2. Related Work

Numerous approaches have addressed the schedulability and optimization of real-time systems using distributed and heterogeneous embedded systems. For automotive systems, consisting of interconnected devices using wired communication, several approaches have focused on scheduling and mapping of tasks to devices (e.g., ECUs) [7,8]. However, these approaches do not consider hardware accelerators, cryptography for inter-device communication, or the use of both wired and wireless communication networks. Instead of optimizing the mapping and scheduling of tasks for a fixed distributed architecture, Pomante et al. [9,10] presented a design space exploration approach that simultaneously explores the heterogeneous components (e.g., general-purpose processors and domain specific processors) integrated within the distributed embedded devices. For systems in which the targeted distributed architecture has not been fixed, exploring the definition of the embedded devices can enable better optimization. However, this approach does not consider cryptography for communication or heterogeneous communication.
Shang et al. [11] presented a hardware/software optimization method that optimizes both system cost and power consumption for low-power, real-time systems. This proposed method uses time multiplexed scheduling to reconfigure distributed FPGAs at runtime to execute sequential tasks, while minimizing the latency of the reconfiguration schedule and reducing the energy of reconfiguration. In contrast, this paper presents an optimization method that employs a dataflow-based application model in which hardware implemented in reconfigurable resources is not reconfigured dynamically, but rather is used in order to meet application requirements.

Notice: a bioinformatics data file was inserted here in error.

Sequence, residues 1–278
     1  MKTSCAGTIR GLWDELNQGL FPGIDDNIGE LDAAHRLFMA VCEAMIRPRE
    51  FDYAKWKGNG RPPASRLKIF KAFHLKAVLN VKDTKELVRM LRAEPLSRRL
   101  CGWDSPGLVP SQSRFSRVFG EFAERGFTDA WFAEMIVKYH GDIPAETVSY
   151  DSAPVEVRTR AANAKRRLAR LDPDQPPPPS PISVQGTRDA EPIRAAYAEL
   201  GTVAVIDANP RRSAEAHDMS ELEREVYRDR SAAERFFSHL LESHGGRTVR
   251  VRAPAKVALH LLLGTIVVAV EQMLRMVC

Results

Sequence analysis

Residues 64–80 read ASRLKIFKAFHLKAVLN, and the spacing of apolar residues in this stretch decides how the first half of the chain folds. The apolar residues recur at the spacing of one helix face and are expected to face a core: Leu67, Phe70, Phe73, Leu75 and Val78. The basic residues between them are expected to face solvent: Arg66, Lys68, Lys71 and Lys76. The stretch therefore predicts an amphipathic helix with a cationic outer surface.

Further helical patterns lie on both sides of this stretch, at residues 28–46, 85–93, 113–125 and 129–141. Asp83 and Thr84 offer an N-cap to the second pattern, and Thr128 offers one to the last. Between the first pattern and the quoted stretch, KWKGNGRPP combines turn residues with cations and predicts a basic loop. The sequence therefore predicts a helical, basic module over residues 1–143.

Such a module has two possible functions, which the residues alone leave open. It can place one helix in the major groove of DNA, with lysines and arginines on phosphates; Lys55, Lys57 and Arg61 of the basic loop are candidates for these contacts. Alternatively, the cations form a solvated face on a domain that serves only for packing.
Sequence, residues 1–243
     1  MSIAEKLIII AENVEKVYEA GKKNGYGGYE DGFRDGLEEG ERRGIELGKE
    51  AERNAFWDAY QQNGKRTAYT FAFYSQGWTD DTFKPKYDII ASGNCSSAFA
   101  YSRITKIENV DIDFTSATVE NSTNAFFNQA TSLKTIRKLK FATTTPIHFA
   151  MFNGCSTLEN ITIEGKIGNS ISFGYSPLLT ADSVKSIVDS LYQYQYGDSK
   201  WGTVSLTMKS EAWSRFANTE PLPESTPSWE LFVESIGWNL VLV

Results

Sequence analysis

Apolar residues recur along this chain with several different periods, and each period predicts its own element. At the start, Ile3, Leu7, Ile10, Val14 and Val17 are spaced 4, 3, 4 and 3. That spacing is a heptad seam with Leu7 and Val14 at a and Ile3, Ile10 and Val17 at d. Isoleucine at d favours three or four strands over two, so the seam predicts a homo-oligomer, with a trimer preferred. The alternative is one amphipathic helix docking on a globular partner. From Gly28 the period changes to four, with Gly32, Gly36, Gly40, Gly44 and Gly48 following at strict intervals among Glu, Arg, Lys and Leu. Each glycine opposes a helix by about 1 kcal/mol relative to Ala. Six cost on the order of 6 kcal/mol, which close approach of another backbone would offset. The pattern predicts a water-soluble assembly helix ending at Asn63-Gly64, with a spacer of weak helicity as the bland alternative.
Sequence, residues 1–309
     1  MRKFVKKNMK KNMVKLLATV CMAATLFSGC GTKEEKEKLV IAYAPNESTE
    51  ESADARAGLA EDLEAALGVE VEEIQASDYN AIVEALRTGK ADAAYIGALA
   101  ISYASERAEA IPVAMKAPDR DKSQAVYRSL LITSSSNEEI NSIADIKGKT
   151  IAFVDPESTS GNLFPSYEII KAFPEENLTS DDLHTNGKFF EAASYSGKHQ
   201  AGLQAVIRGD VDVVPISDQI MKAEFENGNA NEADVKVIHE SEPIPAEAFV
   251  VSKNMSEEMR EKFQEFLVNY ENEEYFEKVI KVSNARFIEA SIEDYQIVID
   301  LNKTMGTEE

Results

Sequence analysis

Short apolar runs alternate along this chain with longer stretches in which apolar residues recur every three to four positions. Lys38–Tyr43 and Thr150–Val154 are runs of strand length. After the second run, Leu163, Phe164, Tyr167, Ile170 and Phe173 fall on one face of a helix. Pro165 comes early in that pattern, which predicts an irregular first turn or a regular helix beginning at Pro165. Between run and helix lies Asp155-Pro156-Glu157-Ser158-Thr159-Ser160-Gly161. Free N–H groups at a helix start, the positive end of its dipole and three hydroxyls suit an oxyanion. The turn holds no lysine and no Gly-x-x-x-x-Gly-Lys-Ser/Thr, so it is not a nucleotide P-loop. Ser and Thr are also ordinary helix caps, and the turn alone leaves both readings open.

Previous efforts have resulted in security-aware optimization methods for embedded systems. Lin et al. [12,13] presented a security-aware methodology that incorporates authentication methods within time division multiple access (TDMA)-based real-time distributed embedded systems (e.g., FlexRay). Given security and latency constraints, this approach determines the task allocation, priority assignment, network scheduling, and key-release intervals. In addition, a security-constrained and security-optimized optimization method utilizes a path-based security constraint to minimize risk, where security risk is defined as the risk that two tasks use the same encryption key. However, this approach only considers homogeneous multicore systems, but does not consider heterogeneous resources, distributed systems, or mixed cryptographic implementations.